See, when you've had an inner vow operating, you're unteachable, and you're operating on false information, everybody else is crazy, and you're wise, but actually, you're operating on the wrong information, and you're unteachable, listen. "Lord, I submit to You, I submit to Your word, and I submit to wise counsel, to Godly counsel. If there are people that are successful, Godly people that are successful in this area, I want to learn from them and not argue with them. But Lord, I pray You would teach me in this area". Now listen to what I'm saying, it will transform your life and your marriage, to break your inner vows. And to take this pain and put it into the hands of Jesus, and to make him Lord of this area. This is what happened to me, this is what happened to my wife, and as soon as these inner vows were broken, we saw the world in a different way. We saw each other in a different way. And my prayer for you today is every single inner vow in your life is broken now, in the name of Jesus, it's that simple. When you renounce it, when you repent of it, and you bring that area to Jesus, it's broken. And immediately, you begin to see the difference in your relationships.
Allan Kelsey: If you're just tuning in, welcome to Strengths Based Marriage. We have a guest couple with us today. Let's have a look at how their strengths influence their marriage.
Allan Kelsey: Well, I've been looking forward to this time to work with these two, and I'm so glad you guys are here. Vivian and Weston, thanks so much for spending time with us today. We're really eager to talk to you about your strengths, and learn from your experiences, and your use of them, so welcome. Why don't you start by just telling us a little bit about who you are and what you do?
Vivian: Go ahead.
Weston: Okay. I'm Weston, and I do IT security. I have known my wife for maybe a full year now, but, dated, what is it, we were engaged longer than we dated. We've been married ten months, the 11th, and we have a strength-based marriage group.
Allan Kelsey: Good. Well, one of the ways that our viewing audience gets to know who you guys are is not just from your personal stories but also from looking at you through the lens of each of your strengths. And so one of the things I'd like to do is just kinda read off your strengths real fast, just to kinda get us all situated for what's going on here.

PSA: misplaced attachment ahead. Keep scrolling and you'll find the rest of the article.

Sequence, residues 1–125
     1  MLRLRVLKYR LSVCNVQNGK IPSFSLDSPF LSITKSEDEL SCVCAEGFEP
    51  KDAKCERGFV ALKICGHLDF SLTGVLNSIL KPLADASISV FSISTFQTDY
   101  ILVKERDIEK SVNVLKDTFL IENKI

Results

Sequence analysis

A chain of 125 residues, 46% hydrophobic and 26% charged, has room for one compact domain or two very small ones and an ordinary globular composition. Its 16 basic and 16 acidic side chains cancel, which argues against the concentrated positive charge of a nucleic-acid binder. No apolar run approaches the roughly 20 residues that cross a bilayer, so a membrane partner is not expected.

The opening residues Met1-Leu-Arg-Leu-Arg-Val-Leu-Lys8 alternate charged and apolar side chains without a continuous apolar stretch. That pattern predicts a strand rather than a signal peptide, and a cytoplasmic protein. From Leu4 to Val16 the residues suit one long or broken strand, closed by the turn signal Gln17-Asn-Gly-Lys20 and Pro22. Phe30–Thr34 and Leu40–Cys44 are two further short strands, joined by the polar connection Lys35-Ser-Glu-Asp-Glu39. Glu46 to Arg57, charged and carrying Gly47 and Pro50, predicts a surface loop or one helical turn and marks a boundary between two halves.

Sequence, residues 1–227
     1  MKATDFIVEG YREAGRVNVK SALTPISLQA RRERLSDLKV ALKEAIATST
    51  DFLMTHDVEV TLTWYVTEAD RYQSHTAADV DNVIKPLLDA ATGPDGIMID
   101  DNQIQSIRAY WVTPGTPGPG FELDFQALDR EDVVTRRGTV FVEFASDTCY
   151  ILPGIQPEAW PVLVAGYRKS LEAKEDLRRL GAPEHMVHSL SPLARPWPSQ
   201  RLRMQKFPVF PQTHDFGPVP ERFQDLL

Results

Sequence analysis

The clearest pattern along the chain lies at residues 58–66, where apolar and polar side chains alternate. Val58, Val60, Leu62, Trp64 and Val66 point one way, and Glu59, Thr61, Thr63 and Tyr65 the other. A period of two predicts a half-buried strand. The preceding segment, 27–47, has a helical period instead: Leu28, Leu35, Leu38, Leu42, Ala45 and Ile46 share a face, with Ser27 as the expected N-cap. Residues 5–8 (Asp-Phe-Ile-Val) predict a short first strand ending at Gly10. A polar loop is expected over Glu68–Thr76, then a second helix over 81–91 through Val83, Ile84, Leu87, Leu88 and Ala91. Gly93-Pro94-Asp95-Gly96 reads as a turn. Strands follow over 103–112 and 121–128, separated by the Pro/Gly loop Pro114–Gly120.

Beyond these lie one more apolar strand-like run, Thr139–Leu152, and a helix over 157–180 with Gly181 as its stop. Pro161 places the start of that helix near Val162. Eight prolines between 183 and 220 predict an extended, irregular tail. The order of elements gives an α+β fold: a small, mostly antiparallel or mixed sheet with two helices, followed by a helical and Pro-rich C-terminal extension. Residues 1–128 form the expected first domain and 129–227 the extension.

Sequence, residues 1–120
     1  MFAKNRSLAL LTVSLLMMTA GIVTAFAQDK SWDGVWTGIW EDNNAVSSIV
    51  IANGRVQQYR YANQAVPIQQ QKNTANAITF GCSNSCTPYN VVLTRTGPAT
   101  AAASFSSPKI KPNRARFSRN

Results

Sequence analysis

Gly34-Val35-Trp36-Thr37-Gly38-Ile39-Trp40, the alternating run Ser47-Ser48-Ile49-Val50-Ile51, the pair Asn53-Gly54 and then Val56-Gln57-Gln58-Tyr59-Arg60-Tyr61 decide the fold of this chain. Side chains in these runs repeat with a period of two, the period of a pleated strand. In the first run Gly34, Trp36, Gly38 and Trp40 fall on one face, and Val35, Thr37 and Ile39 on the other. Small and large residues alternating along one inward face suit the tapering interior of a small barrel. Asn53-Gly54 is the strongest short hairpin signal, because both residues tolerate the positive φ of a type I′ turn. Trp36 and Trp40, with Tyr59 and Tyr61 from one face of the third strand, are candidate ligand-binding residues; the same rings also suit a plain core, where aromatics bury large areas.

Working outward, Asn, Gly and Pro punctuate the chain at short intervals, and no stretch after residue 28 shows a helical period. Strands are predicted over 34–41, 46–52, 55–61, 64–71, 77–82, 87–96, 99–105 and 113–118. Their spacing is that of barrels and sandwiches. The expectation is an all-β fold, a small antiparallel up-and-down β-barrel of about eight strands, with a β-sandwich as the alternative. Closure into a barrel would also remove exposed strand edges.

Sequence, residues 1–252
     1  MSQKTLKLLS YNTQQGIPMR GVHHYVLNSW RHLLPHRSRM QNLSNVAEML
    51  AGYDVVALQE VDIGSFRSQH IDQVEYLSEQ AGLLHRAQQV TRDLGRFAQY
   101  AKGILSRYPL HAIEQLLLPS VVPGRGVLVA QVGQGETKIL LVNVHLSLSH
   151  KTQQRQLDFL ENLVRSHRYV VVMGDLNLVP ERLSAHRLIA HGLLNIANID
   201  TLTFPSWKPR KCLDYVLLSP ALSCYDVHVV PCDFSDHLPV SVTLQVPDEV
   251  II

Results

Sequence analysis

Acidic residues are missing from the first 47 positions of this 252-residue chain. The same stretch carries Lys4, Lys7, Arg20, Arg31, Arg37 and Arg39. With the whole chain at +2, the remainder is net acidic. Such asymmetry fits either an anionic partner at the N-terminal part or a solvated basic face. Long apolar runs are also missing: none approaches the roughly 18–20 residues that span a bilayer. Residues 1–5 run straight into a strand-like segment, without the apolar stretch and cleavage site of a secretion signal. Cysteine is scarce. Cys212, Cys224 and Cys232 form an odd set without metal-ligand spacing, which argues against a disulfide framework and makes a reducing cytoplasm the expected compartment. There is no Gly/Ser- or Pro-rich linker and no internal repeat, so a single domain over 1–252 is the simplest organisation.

Allan Kelsey: And don't say it, but it might be a past reminder for each of you about what your strengths are. Vivian, we'll start with you, okay?
Allan Kelsey: So, number one, positivity, coming right out of the gate, and you just see things, the glass half full, you have a positive perspective about life. Then you follow that with belief, which means that you have these moral or ethically-based values that help to define all of your decision-making, and structures all of your decision-making. And then you have developer, which means you love to incrementally move people along and kinda help them get better, there's something about you that loves to help people get better. And then you have connectedness, which means that you see the thread that God has, that tells a story, but that can join all of these kind of strange points that don't seem to make sense to other people, but they totally make sense to you. There are no coincidences for people with connectedness. And then finally you have woo, which means you just love to win other people over, and so you're the life of the party, you're fun to be around, and it's probably what hooked Weston in the first place, but I'm not gonna throw him under the bus.
Allan Kelsey: Alright, Weston, so you've got restorative, it means you just see things that are kinda maybe missing in people or situations, and you're interested in wanting to bring that back, kind of restore the former glory of what's available or what's present in that situation or that person. You have positivity, also like your wife, so you guys share that. You have strategic, which means you love to begin with the end in mind, so you'll go the outcome, work your way back from that point, and then know you have a plan or a map that will get you there, pretty confident about being able to follow through with that. And then includer, which means that you like to widen the circle, you just like to include people, you feel safer when there's more around, and it just feels good, you know, when that's the case. And then you also have connectedness, like your wife, so the two of you share two of your strengths are similar in that regard, and just love to be able to tell the story. So let's start with the strengths that you share. You both have positivity, is your positivity the same?